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I'm looking for a book I read in grade school in the late 70s or early 80s. I'm pretty sure it was several decades old already and one of a longer series: a golden age sci-fi version of Tom Swift or the Hardy Boys. The feel was flying cars and interplanetary navigation by slide-rule.

The entire story takes place within the solar system, with antagonists from former colonies on nearby stars.

The storyline is about a Cold War plot by the Alpha Centarians (or Sirius? Some nearish star colony) to create a spy base in the solar system on Jupiter, and Our Hero is the Science Police agent assigned to kicking them out. He does so via cleverness and a legal-political battle rather than militarily:

Our Hero takes the Centarian argument that that the Terrans hadn't colonized Jupiter and so didn't have a claim in it one step farther - he sets up a friend in a colony on one of Jupiter's moons and when the Centarians shut down that colony as infringing on their Jupiter colony he turns the argument on them: by the same logic, the Jupiter colony infringes on Terra's claim to Sol. This sways the interplanetary science court to declare that Terra has claim to the entire Solar system and that the system can't be subdivided to ridiculous levels and squabbles over each asteroid and meteor.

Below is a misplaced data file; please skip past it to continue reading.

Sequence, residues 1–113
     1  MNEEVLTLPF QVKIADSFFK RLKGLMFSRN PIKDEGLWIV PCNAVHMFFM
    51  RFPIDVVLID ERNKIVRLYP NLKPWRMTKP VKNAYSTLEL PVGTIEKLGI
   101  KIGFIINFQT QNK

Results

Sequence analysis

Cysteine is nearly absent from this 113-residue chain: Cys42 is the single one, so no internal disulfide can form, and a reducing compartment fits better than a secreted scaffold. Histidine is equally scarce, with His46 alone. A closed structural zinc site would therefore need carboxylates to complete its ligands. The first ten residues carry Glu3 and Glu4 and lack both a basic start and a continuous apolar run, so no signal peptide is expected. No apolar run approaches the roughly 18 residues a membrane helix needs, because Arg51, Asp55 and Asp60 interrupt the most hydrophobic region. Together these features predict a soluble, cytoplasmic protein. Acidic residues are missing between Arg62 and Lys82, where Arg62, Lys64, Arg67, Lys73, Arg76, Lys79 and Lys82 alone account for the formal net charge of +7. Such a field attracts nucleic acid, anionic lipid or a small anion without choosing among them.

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    That sounds like something Asimov could have written.
    – Moriarty
    Apr 16 '20 at 2:58
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This sounds like Asimov's juvenile Lucky Starr and the Rings of Saturn (Lucky Starr #6). The hostile power is the Sirians. Quoting the plot summary from Wikipedia:

A Sirian ship then contacts Starr and informs him that the Sirians have built a colony on Titan and claimed it for Sirius, contrary to the traditional principle that inhabitants of one world in a stellar system have sovereignty over the entire system...

Starr conceals himself and his ship in the interior of Mimas; leaves Wessilewsky below the surface with enough supplies to maintain himself for several months...

When asked his reasons, according to a secret plan of his own, Starr replies that Wessilewsky was placed to establish a colony on Mimas. At this, Conway states that by removing Wessilewsky from Mimas, the Sirians violated the very principle they attempted to establish - Devoure has stated earlier that the Sirians have never even approached Mimas earlier, so it is Earth's regardless of whose point of view is taken. Seeing the opportunity, Doremo points out the demonstrated implications of accepting the Sirian view; a war can start literally over every single rock.

This matches your question on every point except that it takes place around Saturn, not Jupiter. (As noted in the comments, book #5 Lucky Star and the Moons of Jupiter was set on Jupiter, so if you were reading the series in order you might have conflated the two.)

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    The prior book in the series was based around Jupiter, so if reading them all would also have seen Jupiter as a setting.
    – Michael
    Apr 16 '20 at 5:38
  • This is it! Thanks!
    – Arcy
    Apr 16 '20 at 15:46

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